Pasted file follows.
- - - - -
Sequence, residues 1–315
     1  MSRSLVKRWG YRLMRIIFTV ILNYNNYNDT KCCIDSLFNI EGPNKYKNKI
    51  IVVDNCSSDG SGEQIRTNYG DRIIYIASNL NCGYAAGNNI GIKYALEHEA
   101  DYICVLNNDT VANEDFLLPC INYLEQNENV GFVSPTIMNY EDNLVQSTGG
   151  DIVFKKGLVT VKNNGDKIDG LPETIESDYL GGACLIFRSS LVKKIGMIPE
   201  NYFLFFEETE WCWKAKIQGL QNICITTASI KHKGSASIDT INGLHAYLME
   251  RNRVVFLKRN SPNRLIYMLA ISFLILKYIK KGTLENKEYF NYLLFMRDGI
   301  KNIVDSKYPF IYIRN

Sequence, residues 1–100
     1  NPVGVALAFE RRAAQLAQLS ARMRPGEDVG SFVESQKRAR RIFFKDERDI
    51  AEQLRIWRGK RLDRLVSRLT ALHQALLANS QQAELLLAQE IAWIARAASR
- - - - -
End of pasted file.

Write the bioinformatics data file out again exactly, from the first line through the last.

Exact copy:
Sequence, residues 1–315
     1  MSRSLVKRWG YRLMRIIFTV ILNYNNYNDT KCCIDSLFNI EGPNKYKNKI
    51  IVVDNCSSDG SGEQIRTNYG DRIIYIASNL NCGYAAGNNI GIKYALEHEA
   101  DYICVLNNDT VANEDFLLPC INYLEQNENV GFVSPTIMNY EDNLVQSTGG
   151  DIVFKKGLVT VKNNGDKIDG LPETIESDYL GGACLIFRSS LVKKIGMIPE
   201  NYFLFFEETE WCWKAKIQGL QNICITTASI KHKGSASIDT INGLHAYLME
   251  RNRVVFLKRN SPNRLIYMLA ISFLILKYIK KGTLENKEYF NYLLFMRDGI
   301  KNIVDSKYPF IYIRN

Sequence, residues 1–100
     1  NPVGVALAFE RRAAQLAQLS ARMRPGEDVG SFVESQKRAR RIFFKDERDI
    51  AEQLRIWRGK RLDRLVSRLT ALHQALLANS QQAELLLAQE IAWIARAASR